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- Two of Environmental Protection Agency chief Scott Pruitt’s top aides – both of whom had received large and controversial pay raises – are resigning this week.
- Sarah Greenwalt, Pruitt’s 30-year-old senior counsel, and Millan Hupp, the 26-year-old director of scheduling and advance, are the latest in a string of top staffers to leave the agency.
- Both aides received steep pay raises that were reportedly obtained through a legal loophole after the White House refused to approve them.
Two of Environmental Protection Agency chief Scott Pruitt’s top aides are resigning amid fresh controversies stemming from the administrator’s leadership.
Sarah Greenwalt, Pruitt’s 30-year-old senior counsel, and Millan Hupp, the agency’s 26-year-old director of scheduling and advance, are the latest in a string of top staffers to leave the EPA, The Atlantic and The New York Times reported Wednesday.
Hupp made headlines this week after reports emerged that she told congressional investigators that she spent months scouting a new DC apartment for Pruitt, scheduled his family vacations, and even looked into buying him a used mattress from the Trump International Hotel – all during work hours.
A top agency official told The Atlantic that Hupp is “tired of being thrown under the bus by Pruitt” and concerned about the amount of media attention she has received. Hupp’s last day will be Friday.
Hupp and Greenwalt, both part of a tightly-knit group of top aides Pruitt brought with him from Oklahoma, also found themselves at the center of controversy earlier this spring, after The Atlantic reported that the two received steep pay raises without White House approval. Greenwalt received a raise of over $66,000, bringing her salary to $164,200, and Hupp had her pay bumped from $86,460 to $114,590.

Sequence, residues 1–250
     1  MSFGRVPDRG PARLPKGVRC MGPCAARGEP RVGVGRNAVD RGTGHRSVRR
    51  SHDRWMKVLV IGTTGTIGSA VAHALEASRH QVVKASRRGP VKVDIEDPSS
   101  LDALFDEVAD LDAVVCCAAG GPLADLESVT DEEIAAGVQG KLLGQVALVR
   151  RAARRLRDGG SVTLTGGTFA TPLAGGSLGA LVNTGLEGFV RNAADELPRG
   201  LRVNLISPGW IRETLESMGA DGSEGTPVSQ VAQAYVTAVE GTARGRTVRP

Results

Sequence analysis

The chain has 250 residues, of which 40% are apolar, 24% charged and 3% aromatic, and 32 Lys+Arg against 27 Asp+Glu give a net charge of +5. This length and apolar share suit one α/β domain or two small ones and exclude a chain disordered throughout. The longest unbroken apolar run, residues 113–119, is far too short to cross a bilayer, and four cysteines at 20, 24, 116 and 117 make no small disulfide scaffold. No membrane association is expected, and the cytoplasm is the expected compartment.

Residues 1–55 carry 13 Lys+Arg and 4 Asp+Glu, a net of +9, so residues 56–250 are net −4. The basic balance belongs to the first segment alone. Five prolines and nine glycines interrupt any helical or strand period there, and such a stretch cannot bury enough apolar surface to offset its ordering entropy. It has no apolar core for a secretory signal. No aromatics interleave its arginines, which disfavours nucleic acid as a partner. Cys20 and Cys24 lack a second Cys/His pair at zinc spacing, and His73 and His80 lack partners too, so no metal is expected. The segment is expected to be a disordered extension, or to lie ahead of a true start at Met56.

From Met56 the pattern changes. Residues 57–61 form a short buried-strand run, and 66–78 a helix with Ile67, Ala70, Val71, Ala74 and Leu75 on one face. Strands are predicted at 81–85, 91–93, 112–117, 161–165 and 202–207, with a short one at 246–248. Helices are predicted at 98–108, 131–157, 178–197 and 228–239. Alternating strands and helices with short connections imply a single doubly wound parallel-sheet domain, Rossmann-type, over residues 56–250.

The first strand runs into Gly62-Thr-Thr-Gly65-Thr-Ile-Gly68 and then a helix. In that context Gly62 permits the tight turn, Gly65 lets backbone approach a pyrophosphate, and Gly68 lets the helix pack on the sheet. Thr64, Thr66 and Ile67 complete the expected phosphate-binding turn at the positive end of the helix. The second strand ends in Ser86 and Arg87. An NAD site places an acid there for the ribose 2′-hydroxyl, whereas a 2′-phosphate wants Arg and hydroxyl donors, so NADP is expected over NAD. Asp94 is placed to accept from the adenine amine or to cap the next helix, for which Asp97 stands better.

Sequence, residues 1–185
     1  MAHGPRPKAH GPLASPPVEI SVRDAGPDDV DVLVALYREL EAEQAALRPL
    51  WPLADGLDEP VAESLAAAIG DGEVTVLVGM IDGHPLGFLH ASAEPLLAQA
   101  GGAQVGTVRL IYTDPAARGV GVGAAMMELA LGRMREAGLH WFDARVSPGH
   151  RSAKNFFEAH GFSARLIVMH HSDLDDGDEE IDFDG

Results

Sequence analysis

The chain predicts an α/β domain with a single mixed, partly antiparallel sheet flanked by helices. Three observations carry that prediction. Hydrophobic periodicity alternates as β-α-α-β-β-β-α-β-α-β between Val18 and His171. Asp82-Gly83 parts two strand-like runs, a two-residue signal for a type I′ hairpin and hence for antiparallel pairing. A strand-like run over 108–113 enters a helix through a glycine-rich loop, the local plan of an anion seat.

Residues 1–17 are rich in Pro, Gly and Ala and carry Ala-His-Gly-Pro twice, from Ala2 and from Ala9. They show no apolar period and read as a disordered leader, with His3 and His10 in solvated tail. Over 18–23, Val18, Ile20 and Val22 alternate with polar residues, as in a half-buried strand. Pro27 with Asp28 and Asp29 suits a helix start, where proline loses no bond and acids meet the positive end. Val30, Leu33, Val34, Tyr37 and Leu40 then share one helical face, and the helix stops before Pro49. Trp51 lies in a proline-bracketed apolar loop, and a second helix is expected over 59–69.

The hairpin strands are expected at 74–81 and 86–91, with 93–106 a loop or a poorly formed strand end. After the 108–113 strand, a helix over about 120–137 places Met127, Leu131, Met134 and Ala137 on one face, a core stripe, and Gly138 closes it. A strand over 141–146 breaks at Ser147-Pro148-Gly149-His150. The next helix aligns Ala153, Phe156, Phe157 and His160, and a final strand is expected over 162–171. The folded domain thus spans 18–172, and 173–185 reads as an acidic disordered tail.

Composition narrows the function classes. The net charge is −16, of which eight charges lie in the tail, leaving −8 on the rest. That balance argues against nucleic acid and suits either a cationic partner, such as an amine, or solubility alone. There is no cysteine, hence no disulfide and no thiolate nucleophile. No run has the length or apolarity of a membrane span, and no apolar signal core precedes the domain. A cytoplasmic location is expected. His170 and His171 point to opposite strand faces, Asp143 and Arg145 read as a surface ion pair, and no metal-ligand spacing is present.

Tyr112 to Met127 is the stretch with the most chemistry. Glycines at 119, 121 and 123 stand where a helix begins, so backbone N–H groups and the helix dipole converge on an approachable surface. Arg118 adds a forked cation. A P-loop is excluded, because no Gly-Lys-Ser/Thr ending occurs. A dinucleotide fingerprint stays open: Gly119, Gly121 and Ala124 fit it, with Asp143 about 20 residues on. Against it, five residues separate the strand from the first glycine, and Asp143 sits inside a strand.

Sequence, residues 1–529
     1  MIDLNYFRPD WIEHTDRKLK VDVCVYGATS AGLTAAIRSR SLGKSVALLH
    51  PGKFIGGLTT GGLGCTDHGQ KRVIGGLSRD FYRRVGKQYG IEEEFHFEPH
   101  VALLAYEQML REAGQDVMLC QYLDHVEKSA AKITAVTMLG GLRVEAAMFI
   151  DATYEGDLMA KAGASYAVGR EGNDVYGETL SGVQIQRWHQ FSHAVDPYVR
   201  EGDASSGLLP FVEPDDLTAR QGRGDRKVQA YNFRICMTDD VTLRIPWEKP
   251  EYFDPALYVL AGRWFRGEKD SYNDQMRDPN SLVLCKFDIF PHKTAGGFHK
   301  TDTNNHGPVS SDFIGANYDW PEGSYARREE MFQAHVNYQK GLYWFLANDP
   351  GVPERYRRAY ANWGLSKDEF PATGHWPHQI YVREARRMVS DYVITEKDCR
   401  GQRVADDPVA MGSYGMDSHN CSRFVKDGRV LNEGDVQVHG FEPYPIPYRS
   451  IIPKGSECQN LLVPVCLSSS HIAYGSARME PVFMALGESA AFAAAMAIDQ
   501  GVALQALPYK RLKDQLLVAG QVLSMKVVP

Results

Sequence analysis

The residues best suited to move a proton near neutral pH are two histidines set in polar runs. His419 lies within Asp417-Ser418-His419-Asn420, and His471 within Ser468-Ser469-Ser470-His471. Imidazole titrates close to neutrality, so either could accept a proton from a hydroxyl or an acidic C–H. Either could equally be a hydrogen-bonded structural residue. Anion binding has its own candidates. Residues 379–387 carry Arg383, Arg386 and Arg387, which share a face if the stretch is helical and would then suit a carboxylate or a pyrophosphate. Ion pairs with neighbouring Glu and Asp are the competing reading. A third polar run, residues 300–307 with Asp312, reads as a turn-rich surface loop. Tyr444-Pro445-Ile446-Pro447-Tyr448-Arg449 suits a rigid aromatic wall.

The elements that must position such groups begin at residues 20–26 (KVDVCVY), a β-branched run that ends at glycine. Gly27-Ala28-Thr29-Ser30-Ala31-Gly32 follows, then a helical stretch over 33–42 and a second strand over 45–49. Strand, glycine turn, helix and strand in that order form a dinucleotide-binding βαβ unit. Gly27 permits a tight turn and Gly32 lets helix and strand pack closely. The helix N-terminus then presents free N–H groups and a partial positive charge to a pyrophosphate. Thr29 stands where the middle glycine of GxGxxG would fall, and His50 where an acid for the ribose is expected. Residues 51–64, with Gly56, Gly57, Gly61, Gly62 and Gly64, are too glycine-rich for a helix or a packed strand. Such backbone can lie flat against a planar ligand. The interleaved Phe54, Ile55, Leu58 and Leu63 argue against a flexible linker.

After the Presidential Personnel Office reportedly refused to sign off on the proposed pay hikes, the agency approved the raises through a backdoor provision in the Safe Drinking Water Act that allows the administrator to hire up to 30 employees without White House or congressional approval in areas of critical need.
According to internal emails reported on by The Atlantic on April 9, Greenwalt insisted that Pruitt personally sanctioned her raise.
Greenwalt “definitively stated that Pruitt approves and was supportive of her getting a raise,” an administration official who had seen the emails told The Atlantic.
In an April 9 statement, Jackson said Pruitt was not aware of the amount the staffers’ salaries were being raised by, nor was he aware of the process through which they were implemented. But Jackson did not say that Pruitt was unaware that the raises were being given.
“Administrator Pruitt had zero knowledge of the amount of the raises, nor the process by which they transpired,” Jackson said in his statement. “These kind of personnel actions are handled by myself, EPA’s HR officials and PPO.”
But if Pruitt was in fact unaware of the raises, he may have violated the law, as the administrator is required to approve all hiring and salary changes under the Safe Drinking Water Act.
Earlier this week, The Washington Post reported that Hupp’s sister, Sydney Hupp, who previously worked as a scheduler for Pruitt at the EPA, tried to organize a call between Pruitt and the president of fast-food chain Chick-fil-A to discuss Pruitt’s wife’s interest in opening a Chick-fil-A franchise.
The revelation generated new concerns that Pruitt has used his government position for personal gain.